The Tunisian government has reacted to the protests with the brute force of repression and by trying to discredit the movement. After five days of protests, on 19 January, Prime Minister Hichem Mechichi addressed the nation, on television, by offering the protesters his understanding meanwhile stressing that “We reject anarchy and we will enforce the law”. The actions of the state do however not indicate that there is much sympathy for the demands of the protesters. On the other hand, law and order, as promised, has been enforced plentifully. Numerous videos and footage has emerged showing police forces beating and assaulting peaceful protesters. More than 1,000 protesters have been arrested, most between the age of 15-20, and in many working-class areas, the military has been deployed to assist the police to quell the protests. On Monday the 18th the National Guard were, for instance, patrolling the streets of Hay Tadhamon, one of the biggest working-class areas of Tunis, with armoured vehicles.
In a typical display of the elite’s arrogant indifference towards the masses, the ministry spokesman Khaled Hayouni refused to refer to the detained people as protesters, but instead vilified them as people engaged with “criminal acts and looting”. The government and the Tunisian media has actively attempted to discredit and isolate the movement from the rest of the working class, by ignoring the demands of the protesters and instead focus on the violent clashes between protesters and security forces, and examples of looting. This is much, coming from a state official who is no doubt deeply involved in looting the coffers of the state and the pockets of ordinary people. And in any case, the looting that he refers to is an understandable by-product of protests taking place in a context of poverty, hunger and social desperation. The policies of the government, which puts the profits of the capitalists before the needs of the people, bear the true responsibility for whatever looting takes place.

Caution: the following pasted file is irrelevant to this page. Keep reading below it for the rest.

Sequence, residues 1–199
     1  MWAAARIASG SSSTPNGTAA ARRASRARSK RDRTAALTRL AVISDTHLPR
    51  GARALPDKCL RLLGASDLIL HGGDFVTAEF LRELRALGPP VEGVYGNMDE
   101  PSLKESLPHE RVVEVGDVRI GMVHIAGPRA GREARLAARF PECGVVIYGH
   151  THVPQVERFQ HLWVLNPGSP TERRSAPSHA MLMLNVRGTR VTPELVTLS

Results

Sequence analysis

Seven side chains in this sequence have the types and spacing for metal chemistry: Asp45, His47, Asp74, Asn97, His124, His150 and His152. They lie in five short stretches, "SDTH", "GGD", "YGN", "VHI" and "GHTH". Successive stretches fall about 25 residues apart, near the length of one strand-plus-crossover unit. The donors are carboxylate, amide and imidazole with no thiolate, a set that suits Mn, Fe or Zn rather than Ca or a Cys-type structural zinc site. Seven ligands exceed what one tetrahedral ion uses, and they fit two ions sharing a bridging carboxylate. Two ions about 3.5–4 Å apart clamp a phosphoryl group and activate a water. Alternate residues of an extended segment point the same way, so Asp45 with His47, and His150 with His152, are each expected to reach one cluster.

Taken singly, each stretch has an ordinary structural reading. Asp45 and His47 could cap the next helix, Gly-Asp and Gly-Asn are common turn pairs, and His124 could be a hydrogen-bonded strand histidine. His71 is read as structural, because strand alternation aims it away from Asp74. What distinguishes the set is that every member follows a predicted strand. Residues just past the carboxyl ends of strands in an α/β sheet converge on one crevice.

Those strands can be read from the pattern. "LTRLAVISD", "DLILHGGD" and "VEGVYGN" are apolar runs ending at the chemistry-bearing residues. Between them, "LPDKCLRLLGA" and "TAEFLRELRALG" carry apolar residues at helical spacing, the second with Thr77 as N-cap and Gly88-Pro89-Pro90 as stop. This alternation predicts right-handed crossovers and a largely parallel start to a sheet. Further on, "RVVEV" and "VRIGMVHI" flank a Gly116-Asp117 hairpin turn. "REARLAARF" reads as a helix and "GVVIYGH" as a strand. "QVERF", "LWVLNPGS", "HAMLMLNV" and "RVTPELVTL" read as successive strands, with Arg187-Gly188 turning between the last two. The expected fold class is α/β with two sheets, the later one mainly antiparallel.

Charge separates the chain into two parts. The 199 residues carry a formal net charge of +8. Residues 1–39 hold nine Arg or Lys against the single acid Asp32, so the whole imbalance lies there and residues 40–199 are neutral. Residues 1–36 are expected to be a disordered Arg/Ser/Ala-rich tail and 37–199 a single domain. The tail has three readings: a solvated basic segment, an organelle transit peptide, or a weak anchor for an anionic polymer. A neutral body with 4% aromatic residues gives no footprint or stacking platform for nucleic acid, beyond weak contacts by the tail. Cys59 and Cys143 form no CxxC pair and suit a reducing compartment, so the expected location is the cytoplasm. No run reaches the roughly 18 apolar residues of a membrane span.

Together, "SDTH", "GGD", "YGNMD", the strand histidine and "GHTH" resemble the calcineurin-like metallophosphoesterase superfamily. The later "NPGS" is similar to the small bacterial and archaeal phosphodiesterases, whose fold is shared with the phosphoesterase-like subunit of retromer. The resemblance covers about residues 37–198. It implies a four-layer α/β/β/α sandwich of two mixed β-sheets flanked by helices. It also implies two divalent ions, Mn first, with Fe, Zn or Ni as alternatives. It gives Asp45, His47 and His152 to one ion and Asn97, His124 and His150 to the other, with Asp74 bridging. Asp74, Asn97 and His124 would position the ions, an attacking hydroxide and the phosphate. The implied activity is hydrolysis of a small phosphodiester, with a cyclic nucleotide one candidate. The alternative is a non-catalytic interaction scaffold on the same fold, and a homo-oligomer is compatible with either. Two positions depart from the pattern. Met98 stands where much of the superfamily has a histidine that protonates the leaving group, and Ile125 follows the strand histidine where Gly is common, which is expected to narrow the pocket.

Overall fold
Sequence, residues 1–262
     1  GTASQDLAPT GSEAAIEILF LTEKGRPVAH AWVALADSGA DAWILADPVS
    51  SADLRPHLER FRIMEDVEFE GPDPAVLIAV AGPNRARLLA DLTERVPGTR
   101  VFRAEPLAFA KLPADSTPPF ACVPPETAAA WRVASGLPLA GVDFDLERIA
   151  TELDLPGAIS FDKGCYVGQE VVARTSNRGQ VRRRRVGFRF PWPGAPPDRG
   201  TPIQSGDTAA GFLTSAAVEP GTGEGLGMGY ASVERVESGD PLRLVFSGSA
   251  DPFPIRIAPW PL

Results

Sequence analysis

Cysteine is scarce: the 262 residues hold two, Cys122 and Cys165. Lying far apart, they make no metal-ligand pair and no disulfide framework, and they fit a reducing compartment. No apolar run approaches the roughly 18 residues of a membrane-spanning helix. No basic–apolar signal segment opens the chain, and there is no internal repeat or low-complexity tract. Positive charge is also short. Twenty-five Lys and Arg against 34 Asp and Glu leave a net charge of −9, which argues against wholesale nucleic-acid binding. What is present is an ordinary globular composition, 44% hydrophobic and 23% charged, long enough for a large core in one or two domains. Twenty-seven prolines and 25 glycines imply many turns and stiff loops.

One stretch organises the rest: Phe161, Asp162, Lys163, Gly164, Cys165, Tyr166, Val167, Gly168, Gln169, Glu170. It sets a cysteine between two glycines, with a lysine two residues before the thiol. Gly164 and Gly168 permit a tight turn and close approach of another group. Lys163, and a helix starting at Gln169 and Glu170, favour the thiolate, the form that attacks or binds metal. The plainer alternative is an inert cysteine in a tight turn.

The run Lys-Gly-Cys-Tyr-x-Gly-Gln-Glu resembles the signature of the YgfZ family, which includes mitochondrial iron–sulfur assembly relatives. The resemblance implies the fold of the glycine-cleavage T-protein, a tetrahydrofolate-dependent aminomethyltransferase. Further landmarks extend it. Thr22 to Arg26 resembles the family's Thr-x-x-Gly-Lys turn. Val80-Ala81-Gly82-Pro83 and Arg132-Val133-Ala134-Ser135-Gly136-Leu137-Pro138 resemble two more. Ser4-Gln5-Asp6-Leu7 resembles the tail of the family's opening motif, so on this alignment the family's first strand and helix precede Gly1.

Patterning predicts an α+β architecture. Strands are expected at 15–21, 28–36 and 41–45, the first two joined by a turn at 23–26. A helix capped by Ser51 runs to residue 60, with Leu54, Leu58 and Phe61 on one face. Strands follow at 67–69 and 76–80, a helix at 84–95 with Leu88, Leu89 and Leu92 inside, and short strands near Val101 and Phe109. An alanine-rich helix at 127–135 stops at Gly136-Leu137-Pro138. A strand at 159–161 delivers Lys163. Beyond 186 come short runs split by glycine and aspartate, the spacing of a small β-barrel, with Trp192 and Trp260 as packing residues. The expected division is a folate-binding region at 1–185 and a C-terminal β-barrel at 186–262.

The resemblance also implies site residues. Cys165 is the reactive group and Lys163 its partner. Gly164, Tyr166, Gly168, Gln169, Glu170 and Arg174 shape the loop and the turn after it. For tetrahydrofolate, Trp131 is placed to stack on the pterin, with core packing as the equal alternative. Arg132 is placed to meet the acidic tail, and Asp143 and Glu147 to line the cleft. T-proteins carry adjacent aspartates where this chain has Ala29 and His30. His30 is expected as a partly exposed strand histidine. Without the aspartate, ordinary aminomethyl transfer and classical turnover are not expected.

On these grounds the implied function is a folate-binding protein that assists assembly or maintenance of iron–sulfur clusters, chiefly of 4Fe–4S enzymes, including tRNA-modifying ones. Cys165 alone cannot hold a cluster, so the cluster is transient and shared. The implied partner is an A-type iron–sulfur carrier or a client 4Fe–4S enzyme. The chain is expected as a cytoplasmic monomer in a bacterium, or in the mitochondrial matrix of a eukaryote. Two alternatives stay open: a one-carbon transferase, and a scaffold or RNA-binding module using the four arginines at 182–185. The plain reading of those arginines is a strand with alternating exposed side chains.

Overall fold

President Kais Saied also clearly illustrated where the priorities of the government lie, by calling for the protesters to go home and to refrain from targeting property. As representatives of the capitalists, the government has no intention to address the burning issues of the masses, but is instead concerned with protecting the private property of their masters.
Experience of 2011
The new mass movement coincides with the 10-year anniversary of the revolution that overthrew the despot Ben Ali. His flight from the country on 14 January 2011 sparked a wave of revolutionary movements that swept across the Middle East and North Africa. The Tunisian government, having betrayed the hopes of the masses, had hoped to avoid the commemoration of the 2011 revolution. The government could feel the ground shake underneath its feet and feared that the commemoration might spark off a generalised movement. They therefore imposed a four-day national lockdown to run from Thursday the 14th to Monday the 18th.